We got an early start yesterday morning. By eight a.m. we were already walking through the shuk on our way to the light rail stop. We bought some bananas and fresh pita (straight from the oven) on the way, plus some treats to share with our cousins in Tel Aviv.
The train station in Jerusalem is new, beautiful, and very, very deep. We took an escalator down to the light-filled tickets concourse. Then we all scanned our tickets and went down another—very long—escalator. And another. And then another. I lost count at some point but I think there were only three. Suffice it to say, we were extremely far down.
(Fun fact: there are blast-proof doors at the top of one set of escalators. Apparently the station was also built to act as a bomb shelter for up to five thousand people in case of emergency.)
The train ride itself was fast, smooth, and pretty comfortable. The kids got to see (for the first time) men gathering at one end of the train car, wrapped in tallit and tefillin, to daven shacharit (the morning prayers.) We emerged from the station at Tel Aviv University and hopped on the number seven bus to the Museum of the Jewish People. Luckily for our fellow passengers, it wasn’t until we got off the bus that the kids started up their chorus of “We hate museums.”
Along the way, we passed the natural history museum and stopped to enjoy an outdoor exhibit of animal caricatures. I have a feeling we might have missed some of the jokes (like the one that played on the fact that the Hebrew word for “lazy” also means “sloth” (as in the animal.) We enjoyed them nonetheless. At least, some of us enjoyed them while others sat on a bench and listened to music.
At the Museum of the Jewish People we went straight for the important stuff—coffee and croissants at the Aroma in the lobby. Then we went through all three levels of the museum, learning about Jewish identity, history, arts and culture. Sadly (for all of us, I think,) R ran out of patience and we had to skip the last—and probably best—exhibit: Jewish humour. At least we got to enjoy a video of excerpts of some of the best comedic moments in Jewish TV shows and movies before we left.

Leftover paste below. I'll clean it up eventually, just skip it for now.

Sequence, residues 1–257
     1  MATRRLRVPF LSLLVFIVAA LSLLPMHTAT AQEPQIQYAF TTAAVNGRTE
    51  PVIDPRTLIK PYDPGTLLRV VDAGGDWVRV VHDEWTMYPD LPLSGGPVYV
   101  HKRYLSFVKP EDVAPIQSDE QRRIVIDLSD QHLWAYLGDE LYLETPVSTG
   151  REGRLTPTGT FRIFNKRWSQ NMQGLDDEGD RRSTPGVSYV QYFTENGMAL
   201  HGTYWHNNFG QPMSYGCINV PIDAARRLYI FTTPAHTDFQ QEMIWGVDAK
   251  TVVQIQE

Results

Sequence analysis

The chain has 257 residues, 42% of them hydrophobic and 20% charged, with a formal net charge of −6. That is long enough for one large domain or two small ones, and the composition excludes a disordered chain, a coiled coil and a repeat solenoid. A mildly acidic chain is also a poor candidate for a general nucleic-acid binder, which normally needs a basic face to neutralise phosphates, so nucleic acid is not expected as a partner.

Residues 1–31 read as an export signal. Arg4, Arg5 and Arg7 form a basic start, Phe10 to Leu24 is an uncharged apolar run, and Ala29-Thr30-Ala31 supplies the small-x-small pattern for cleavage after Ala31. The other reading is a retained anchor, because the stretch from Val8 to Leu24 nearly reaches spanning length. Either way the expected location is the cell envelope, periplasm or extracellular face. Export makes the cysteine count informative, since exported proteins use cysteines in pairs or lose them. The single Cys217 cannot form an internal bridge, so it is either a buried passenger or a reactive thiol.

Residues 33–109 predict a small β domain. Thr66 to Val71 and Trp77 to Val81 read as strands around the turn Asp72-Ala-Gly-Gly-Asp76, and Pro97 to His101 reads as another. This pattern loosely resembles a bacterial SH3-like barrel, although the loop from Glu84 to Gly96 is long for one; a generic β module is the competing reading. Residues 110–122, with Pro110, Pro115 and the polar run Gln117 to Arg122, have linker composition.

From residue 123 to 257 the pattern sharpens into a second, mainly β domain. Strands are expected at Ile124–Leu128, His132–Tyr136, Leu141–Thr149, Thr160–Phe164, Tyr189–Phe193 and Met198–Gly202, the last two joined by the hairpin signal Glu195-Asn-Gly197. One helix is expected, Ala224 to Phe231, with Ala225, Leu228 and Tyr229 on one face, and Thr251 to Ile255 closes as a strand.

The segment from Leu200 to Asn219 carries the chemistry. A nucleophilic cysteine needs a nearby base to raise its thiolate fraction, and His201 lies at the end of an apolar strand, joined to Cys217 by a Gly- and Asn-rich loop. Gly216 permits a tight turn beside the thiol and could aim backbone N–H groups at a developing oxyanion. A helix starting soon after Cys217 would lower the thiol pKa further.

We crossed the university campus—R and E took a break to climb on the sculptures—and took a bus down to the “Namal” (port) of Tel Aviv, which has been revitalized and turned into a destination for shopping and dining. We found an enormous playground where K immediately hit the swings and everyone else had fun on the play structure shaped like a pirate ship (including a wobbly plank for walking.)
Our cousins from Ra’anana drove down to meet us and we walked over to the beach. About an hour or so later, we were joined by another cousin who I haven’t seen since his family came to visit us in Toronto 30 years ago. His mom just happened to be visiting him yesterday, so she came along too. E played in the sand with his kids while I got all caught up with the grownups.
It was getting late; our Ra’anana cousins left in the hope of avoiding the worst rush-hour traffic. Our Tel-Aviv cousin invited us back to his place for dinner.
“Is it a long walk from here?” R wanted to know.
“I’m guessing—from the facts that his three-year-old twins can do it and that they’re barefoot—that it’s only a few blocks at the most.” I told her.
I was right. We hung out, ate pizza and salad and homemade tehina, and indulged in the baked goodies we’d brought from Jerusalem. And then it was 8:00 p.m., and it was time to go.
On the bus heading to the train station we saw a young girl with a Rubik’s Cube. “See?” I nudged K. “You guys aren’t the only ones who take your cubes everywhere.” Soon K, R, and this girl were comparing cubes and chatting about strategy.
I noticed two things on the train ride back to Jerusalem: First, that an absurd number of single travellers take up an entire set of four seats, making it hard for a family to sit together; and second, that the bathrooms on the Rakevet Yisrael trains are clean, well-stocked with paper and soap, and bigger than airplane bathrooms.
We finally got home just after 10 p.m.—a fourteen-hour day. The kids went straight to bed; I hung out the wet bathing suits and towels, updated the blog, and fell into bed, sea-salty skin and all.